Mahi fishing was good, but disappointing at best this summer. October saw limited reports of fish caught off lobster pots and floating debris. The class of fish remained mostly smaller in size and numbers. I would expect to see some fish caught into November mixed in with the tuna. But like the wahoo these smaller fish need higher water temperatures to thrive. Keep in mind if you are lucky enough to catch some fall mahi that they make great shark baits.
Inshore fluke fishing closed 9/30th with a bang. Just as things started heating up with some larger fish the season slammed shut. The summer was very disappointing with decent numbers of fish being caught just under keeper size. Hopefully, this will result in stronger stocks for the future. Along the beaches, the fall striped bass run was on fire in October. Surfcasters were treated with an early run that was in the range of most of Long Island’s beaches. For boaters, trolling and jigging were most productive. Mojos and bunker spoons trolled real slow or small jigs. Many 40 – 50 lb fish have been caught and released, with a bunch of slot fish mixed. Every once in a while you will get surprised as a pelagic may show up mixed in with the bass. Fintastic nailed a 250-pound thresher that inhaled a bunker spoon. Avid anglers were able to land this fish on light gear and did an amazing job gaffing and securing it with a 3-foot gaff. An angler out of Moriches also tangled with a nice size bluefin in 70 feet of water. The fish also hit a lure meant for striped bass. So always keep a larger set up ready to pitch a lure to a large fish that may come up and surprise you. As long as there is bait present there will be plenty of fish throughout the month and into November. Keep in mind DEC regulations allow for 1 fish per person per day between 28 and 35 inches. Larger and smaller than this slot must be released. Bluefish have been around but in greatly decreased numbers. These will be caught as bi catch while bass fishing and should be released if not needed.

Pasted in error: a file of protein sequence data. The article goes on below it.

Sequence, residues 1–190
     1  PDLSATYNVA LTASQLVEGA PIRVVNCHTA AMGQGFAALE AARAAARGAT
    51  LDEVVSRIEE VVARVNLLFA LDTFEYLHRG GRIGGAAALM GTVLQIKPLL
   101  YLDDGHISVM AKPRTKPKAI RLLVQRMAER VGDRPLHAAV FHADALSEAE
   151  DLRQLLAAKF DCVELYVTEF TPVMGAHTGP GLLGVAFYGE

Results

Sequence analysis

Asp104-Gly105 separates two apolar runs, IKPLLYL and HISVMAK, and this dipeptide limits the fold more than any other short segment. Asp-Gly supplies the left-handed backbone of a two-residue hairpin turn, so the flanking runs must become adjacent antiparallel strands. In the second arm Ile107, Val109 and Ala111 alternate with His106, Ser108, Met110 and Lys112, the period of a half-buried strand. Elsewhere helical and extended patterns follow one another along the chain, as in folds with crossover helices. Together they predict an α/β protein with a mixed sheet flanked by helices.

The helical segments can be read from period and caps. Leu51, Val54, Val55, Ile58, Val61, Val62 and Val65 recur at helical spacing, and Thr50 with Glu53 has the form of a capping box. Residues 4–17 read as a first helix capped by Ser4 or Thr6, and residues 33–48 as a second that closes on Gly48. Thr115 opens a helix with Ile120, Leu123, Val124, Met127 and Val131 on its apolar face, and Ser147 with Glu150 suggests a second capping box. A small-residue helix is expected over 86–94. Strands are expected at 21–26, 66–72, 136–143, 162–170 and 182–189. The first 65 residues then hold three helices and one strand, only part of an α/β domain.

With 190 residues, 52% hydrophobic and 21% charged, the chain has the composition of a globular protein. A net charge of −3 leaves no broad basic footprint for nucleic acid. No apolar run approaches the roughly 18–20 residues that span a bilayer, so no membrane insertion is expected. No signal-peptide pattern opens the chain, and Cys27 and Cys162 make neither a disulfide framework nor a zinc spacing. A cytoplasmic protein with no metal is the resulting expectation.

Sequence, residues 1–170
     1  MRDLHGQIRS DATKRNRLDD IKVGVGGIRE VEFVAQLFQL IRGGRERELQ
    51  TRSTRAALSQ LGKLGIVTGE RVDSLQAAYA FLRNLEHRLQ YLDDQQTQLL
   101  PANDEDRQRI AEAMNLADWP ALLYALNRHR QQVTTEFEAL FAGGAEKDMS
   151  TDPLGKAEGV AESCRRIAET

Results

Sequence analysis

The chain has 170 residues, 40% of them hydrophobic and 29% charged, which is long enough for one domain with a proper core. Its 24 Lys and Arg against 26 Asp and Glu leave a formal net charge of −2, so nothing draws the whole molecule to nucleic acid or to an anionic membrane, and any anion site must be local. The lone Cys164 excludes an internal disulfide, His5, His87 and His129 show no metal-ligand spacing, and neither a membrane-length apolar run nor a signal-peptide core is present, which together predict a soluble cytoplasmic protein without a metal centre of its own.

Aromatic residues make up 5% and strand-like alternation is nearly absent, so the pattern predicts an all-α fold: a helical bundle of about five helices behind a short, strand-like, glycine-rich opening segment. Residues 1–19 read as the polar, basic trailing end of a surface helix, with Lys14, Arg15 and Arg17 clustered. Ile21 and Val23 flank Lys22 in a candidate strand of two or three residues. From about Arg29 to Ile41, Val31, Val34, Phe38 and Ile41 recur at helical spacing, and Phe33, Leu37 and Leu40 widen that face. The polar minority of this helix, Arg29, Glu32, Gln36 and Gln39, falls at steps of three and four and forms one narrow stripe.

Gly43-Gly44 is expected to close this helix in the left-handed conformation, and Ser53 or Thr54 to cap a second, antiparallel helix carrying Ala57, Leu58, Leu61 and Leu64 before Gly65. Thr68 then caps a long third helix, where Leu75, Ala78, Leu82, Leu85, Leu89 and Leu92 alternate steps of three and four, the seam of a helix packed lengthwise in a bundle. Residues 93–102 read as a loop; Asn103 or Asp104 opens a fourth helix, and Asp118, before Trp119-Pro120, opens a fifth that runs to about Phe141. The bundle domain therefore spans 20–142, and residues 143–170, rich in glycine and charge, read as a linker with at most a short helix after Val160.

Tautog (blackfish): Long Island Sound Region opened October 11th. Four days ahead of the South Shore both with a 16-inch minimum. The biggest out of the sound for October was a 23” caught with green crabs. Many limits were taken in October. But bait fishing crabs outpaced jigging as wind and waves made jigging difficult. Rock piles to the east near Fishers Island were hot. Other spots to mention are Huntington Triangle, Middle Clump, Clay Point, Latimer Reef, and Race Rock all had some decent reports. The biggest fish was 12 lbs and a bunch of fish at 10 lbs. Some boats reported 50 -100 fish released in a single trip. It’s nice to see these stocks are healthy again. Simply amazed by the amount of fish available. As far as numbers go the North Shore is red hot. Every single drop was met instantly with a hit. Again, green crabs for bait was the ticket. I would expect this fishing to remain strong through November if the wind stays light enough to fish.
Blackfish's opening day on the South Shore was October 15th. I spoke to Capt James Foley from the Hampton Lady. They limited out using green crabs. They also had seabass, cod, and ling mixed in. When fishing on structure, they limit the boat to 20 anglers to keep as many people possible in the strike zone as possible. They sail out of Hampton Bays. They also reported some deep-water wreck trips where they focused on cod, ling, and sea bass.